We keep hearing that home affordability is approaching crisis levels. While this may be true in a few metros across the country, housing affordability is not a challenge in the clear majority of the country. In their most recent Real House Price Index, First American reported that consumer “house-buying power” is at “near-historic levels.”

Their index is based on three components:

  1. Median Household Income
  2. Mortgage Interest Rates
  3. Home Prices

The report explains:

“Changing incomes and interest rates either increase or decrease consumer house-buying power or affordability. When incomes rise and/or mortgage rates fall, consumer house-buying power increases.”

Combining these three crucial pieces of the home purchasing process, First American created an index delineating the actual home-buying power that consumers have had dating back to 1991.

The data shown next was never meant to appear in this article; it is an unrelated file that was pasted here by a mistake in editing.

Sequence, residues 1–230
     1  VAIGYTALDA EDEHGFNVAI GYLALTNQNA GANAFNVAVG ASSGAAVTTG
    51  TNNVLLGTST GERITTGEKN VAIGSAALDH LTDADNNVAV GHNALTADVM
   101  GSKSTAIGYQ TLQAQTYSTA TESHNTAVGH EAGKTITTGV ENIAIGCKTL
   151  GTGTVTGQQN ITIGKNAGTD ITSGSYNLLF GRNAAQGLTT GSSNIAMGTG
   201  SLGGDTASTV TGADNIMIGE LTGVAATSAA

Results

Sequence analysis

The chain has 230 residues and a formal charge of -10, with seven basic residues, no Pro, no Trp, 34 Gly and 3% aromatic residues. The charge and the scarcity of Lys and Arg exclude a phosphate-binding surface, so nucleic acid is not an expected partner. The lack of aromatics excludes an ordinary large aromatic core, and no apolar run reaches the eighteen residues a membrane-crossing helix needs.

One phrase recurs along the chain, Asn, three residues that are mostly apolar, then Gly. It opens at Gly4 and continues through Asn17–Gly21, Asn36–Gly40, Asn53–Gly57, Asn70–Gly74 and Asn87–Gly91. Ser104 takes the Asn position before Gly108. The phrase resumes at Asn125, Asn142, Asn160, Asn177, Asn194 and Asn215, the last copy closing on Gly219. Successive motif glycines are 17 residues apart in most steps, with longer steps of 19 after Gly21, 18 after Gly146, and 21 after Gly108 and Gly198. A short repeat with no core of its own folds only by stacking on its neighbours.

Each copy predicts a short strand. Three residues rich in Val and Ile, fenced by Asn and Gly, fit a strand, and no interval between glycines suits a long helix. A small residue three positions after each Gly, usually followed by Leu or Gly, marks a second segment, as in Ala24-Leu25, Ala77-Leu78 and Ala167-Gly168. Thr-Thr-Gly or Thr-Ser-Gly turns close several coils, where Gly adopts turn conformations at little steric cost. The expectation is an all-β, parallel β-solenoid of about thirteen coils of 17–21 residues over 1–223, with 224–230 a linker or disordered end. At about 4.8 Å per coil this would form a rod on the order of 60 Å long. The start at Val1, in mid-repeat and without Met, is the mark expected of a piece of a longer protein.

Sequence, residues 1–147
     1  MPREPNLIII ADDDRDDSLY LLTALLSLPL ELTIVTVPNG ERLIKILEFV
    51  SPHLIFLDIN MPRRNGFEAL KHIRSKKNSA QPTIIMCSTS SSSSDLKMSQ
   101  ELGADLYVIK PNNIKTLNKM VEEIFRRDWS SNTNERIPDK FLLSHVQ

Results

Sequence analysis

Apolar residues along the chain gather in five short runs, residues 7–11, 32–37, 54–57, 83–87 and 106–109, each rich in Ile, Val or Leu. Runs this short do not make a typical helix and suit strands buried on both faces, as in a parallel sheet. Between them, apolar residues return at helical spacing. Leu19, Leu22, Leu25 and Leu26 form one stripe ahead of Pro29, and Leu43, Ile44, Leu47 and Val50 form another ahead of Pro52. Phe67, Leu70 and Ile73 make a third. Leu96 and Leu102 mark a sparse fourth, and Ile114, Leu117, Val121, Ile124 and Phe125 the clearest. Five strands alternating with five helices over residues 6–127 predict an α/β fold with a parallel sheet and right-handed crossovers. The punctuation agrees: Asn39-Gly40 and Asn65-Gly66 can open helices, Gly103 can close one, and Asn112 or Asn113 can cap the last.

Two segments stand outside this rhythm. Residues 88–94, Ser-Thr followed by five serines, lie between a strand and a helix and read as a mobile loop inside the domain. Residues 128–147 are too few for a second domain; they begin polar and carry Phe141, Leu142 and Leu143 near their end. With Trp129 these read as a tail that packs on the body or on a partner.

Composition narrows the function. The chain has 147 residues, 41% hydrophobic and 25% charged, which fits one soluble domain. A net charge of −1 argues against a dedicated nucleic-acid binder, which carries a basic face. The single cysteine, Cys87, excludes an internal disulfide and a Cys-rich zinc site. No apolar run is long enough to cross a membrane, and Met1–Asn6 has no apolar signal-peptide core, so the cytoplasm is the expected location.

Here is a graph comparing First American’s consumer house-buying power (blue area) to the actual median home price that year from the National Association of Realtors (yellow line).

House-Buying Power at Near-Historic Levels | MyKCM

Consumer house-buyer power has been greater than the actual price of a home since 1991. And, the spread is larger over the last decade.

Bottom Line

Even though home prices are increasing rapidly and are now close to the values last seen a decade ago, the actual affordability of a home is much better now. As Chief Economist Mark Fleming explains in the report:

“Though unadjusted house prices have risen to record highs, consumer house-buying power stands at near-historic levels, as well, signaling that real house prices are not even close to their historical peak.”

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How Long Do Most Families Live in a House?

The National Association of Realtors (NAR) keeps historical data on many aspects of homeownership. One of their data points, which has changed dramatically, is the median tenure of a family in a home, meaning how long a family stays in a home prior to moving.